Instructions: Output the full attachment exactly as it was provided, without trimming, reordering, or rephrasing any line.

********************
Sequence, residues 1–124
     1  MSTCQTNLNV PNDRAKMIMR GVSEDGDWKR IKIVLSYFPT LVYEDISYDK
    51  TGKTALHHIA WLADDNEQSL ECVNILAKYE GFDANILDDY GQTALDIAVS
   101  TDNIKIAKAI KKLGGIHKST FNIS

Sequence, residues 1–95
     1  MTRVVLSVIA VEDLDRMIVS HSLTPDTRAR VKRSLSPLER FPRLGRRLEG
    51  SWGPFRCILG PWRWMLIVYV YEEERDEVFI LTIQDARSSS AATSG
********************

Sequence, residues 1–124
     1  MSTCQTNLNV PNDRAKMIMR GVSEDGDWKR IKIVLSYFPT LVYEDISYDK
    51  TGKTALHHIA WLADDNEQSL ECVNILAKYE GFDANILDDY GQTALDIAVS
   101  TDNIKIAKAI KKLGGIHKST FNIS

Sequence, residues 1–95
     1  MTRVVLSVIA VEDLDRMIVS HSLTPDTRAR VKRSLSPLER FPRLGRRLEG
    51  SWGPFRCILG PWRWMLIVYV YEEERDEVFI LTIQDARSSS AATSG